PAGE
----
Last night I took my father to Drag Queen Bingo at Blur, a local gay nightclub. “What was I thinking?” you’d say. Perhaps. Yet my dad has always given me his love unconditionally. Letting him know his son was homosexual didn’t change that one bit. He even defended me to one of his buddies once. Telling him that taking me to a professional women to “turn me” would be about as successful as his buddy sleeping with a man to “turn him”. What better way to spend an evening during Pride week than with my dad listening to Traila Parks shout out, “B-11, be at least eleven inches or I’m not touching it.” Dad is one of a kind.
I came out to my parents via letter on March 3rd 1982. I had been away at college for 6 months and had fallen in love with one of the guys in the theatre department. I was scared about being in love with a man, it was new territory for me. My parents were always there when I needed then and I needed them to help me through these new feelings. That first year was tumultuous at best. It wasn’t until I was home from college for the Summer that things began to look up. The three of us found and started attending Dignity Masses at the Franciscan Center, held in secret from the Catholic Church because Rome wasn’t very sympathetic to gays or lesbians back then. It was during these masses my parents met another couple they knew “outside” of Dignity. They had a lesbian daughter. Together they started a support group for Parents with gay children, the group would later because a local chapter of PFLAG.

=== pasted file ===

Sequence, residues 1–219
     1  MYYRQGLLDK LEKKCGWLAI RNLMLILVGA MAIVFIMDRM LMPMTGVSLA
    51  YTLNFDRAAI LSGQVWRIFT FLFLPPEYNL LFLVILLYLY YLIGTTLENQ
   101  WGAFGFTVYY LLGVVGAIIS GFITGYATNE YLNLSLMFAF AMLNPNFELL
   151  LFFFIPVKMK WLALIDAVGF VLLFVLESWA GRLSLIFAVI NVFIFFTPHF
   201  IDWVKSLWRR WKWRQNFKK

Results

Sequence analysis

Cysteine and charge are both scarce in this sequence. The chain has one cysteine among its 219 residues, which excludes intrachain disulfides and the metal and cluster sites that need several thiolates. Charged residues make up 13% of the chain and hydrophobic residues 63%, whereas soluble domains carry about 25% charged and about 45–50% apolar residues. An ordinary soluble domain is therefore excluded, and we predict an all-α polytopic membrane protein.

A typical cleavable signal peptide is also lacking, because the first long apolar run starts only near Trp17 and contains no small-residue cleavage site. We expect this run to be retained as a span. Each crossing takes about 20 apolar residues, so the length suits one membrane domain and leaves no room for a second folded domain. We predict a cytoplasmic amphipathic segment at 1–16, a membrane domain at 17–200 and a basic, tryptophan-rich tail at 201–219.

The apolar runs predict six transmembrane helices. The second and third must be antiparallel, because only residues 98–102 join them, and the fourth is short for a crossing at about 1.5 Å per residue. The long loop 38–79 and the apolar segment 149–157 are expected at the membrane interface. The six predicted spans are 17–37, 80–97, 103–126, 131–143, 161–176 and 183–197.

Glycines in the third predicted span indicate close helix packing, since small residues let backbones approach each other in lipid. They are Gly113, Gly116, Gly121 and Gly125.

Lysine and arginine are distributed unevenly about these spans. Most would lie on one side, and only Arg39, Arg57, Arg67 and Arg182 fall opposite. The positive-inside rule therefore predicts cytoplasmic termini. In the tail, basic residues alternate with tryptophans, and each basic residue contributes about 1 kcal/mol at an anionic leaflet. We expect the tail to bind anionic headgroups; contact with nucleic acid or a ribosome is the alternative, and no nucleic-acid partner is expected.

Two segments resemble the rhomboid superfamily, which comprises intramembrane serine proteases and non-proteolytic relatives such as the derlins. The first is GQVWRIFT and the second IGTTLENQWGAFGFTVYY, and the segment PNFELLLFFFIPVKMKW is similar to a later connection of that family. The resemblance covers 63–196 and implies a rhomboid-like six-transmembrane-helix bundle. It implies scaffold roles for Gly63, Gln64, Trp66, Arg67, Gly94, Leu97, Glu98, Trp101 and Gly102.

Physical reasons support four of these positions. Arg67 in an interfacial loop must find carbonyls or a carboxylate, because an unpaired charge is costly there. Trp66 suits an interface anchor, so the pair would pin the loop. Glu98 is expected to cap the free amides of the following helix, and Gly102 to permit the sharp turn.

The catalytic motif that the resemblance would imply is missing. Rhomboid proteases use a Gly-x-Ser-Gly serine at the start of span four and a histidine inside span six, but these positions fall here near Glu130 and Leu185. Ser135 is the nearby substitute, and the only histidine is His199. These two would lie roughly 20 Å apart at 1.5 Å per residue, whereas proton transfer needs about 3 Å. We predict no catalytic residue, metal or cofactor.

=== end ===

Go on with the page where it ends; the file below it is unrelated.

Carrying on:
Dad has seen me through a lot over the years, especially helping my mother come to terms with my life and the death of her dreams for it. Let me explain. In the twentieth century it was expected that a man would grow up, go to college, meet a girl, get married and have kids (grandkids for my mom). That was my mother’s dream for my life. My dreams were different. Now I can marry the man I love and it seems the world is opening up to that love more and more. Even the pope said the Church needs to apologize to the gay community for the way it has treated us over the centuries. I’m proud of my dad for accepting me all those years ago. He’s had to undergo a lot with his family. He still loves us, yet we love him more.